OLD WEST SIDE BOARD
Christine Brummer, President
Linda Berauer, Taskforce and Initiatives
Eric Boyd, Community Liaison especially non-motorized transportation
Barbara Hall, Treasurer
Susan Kaufmann, Homes Tour Chair
Allison Stupka, Special Events
Please direct inquiries to firstname.lastname@example.org.
The Old West Side Association, dedicated to the conservation and improvement of the community formerly encompassed by the "old second ward" in Ann Arbor, Michigan, was organized in May of 1967. The group is a non-profit neighborhood association chartered by the state. As the by-laws note: "the retention of its unique residential atmosphere" is a priority. The Old West Side is representative of the modest neighborhoods once typical of the Midwest in architecture, history and environment. The community is now a part of the Fifth Ward.
What Defines the Old West Side?
As presently defined, the Old West Side is basically a residential neighborhood bounded by South Main and the Ann Arbor Railroad tracks on the east, West Washington on the north, Crest, Soule and South Seventh on the west and Pauline on the south. This area includes sections that are not similar in age, building style or type. The topography is characteristic of Ann Arbor in that it is sloped slightly to the northeast with undulations typical of the glacial moraine geology of the area. Most of the older major streets are laid in a grid matching compass lines with two exceptions. West Liberty shows it origins as a trail and runs "southwest/northeast." Newer blocks exhibit curving streets and cul-de-sacs popular at the time of their creation.
While the neighborhood includes parks, schools, industry and waterways, most of the Old West Side is made up of single-family homes on tree-lined streets. Sometimes this collection of approximately two thousand households is referred to as "old German Town" or "Cabbage Town." Most of the structures date from 1850 to 1925. Architecturally, they are of eclectic revival styles, display similar historic associations and are positioned on their respective lots in a familiar pattern allowing a short front yard. Lot sizes are typically sixty-six feet by one hundred thirty-two feet or forty feet by one hundred twenty feet. Interspersed with these modest, older homes are blocks of newer homes built to meet housing demands are the neighborhood filled in following the wars.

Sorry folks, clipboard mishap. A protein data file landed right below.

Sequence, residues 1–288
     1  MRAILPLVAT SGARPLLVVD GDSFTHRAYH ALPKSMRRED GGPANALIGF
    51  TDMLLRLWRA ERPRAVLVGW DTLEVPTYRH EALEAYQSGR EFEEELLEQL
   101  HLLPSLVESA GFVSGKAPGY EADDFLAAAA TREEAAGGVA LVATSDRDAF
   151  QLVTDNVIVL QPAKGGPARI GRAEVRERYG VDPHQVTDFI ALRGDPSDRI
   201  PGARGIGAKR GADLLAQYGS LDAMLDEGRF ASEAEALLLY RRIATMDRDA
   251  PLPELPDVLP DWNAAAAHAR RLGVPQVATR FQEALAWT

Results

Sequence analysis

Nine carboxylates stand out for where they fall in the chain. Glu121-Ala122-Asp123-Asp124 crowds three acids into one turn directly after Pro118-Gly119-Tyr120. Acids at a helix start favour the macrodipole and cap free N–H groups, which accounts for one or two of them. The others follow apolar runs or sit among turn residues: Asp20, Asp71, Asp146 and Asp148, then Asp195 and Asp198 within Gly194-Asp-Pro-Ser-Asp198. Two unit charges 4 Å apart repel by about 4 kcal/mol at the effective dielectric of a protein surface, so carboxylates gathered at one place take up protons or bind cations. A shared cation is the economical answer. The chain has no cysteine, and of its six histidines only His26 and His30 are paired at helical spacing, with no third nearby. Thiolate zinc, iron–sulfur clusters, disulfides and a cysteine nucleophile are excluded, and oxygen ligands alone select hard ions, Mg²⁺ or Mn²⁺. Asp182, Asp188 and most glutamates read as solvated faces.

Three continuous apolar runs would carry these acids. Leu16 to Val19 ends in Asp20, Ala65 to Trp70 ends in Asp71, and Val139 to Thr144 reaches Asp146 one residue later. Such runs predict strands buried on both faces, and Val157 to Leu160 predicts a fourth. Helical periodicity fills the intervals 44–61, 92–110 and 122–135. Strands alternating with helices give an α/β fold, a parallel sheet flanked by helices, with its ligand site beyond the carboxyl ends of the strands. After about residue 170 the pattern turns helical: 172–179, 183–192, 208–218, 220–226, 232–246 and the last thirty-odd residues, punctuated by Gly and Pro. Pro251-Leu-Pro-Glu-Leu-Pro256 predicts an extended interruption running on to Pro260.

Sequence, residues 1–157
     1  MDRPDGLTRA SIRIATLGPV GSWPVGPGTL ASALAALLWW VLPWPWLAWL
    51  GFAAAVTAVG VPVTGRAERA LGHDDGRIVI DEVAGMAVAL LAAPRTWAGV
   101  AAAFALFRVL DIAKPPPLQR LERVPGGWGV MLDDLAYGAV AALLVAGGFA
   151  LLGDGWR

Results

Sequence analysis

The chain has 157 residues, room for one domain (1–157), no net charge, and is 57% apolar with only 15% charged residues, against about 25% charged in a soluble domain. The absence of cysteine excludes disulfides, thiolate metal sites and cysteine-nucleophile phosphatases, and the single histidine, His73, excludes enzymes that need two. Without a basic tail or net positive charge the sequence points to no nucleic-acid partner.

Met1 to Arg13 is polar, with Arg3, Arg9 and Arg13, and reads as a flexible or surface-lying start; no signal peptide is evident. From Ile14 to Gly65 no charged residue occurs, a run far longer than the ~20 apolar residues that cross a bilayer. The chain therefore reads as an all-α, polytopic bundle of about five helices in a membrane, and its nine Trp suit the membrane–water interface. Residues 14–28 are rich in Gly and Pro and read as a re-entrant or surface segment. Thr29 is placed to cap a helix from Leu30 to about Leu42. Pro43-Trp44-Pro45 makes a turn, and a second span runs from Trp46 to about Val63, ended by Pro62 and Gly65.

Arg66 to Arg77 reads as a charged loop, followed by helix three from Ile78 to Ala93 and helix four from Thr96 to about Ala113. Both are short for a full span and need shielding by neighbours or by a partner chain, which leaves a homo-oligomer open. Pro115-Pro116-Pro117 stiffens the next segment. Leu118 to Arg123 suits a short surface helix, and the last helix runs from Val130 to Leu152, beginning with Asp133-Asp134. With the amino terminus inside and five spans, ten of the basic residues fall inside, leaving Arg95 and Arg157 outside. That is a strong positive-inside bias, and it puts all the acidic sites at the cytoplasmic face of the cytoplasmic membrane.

The Old West Side Historic District is one of twelve in Ann Arbor. It is the only "streetscape" district and was the first in the nation to receive this designation. In 1972, this segment of the neighborhood was recognized for its essential character as a unique community of homes.
As a survey prepared for the purpose of obtaining protection notes:
The essential physical environment of the Old West Side is characterized by its small one family homes situated on tree-lined streets. About eighty- five percent of the house are of frame construction. A majority have clap boarded exteriors, a lesser number have shingled or stuccoed facades and about fifteen percent are brick. The typical house is a rectangular structure two stories high with six or seven rooms. It has a front gabled roof, a pillared front porch and some ornament on the porch, the gable and around the windows. The larger houses are generally irregular in plan, have front porches and side porches, have more details and protrusions and are more elaborately ornamented. The outstanding character of all of the homes lies in the variety of ornament of all styles, shapes, and textures, generally of machine tooled wood.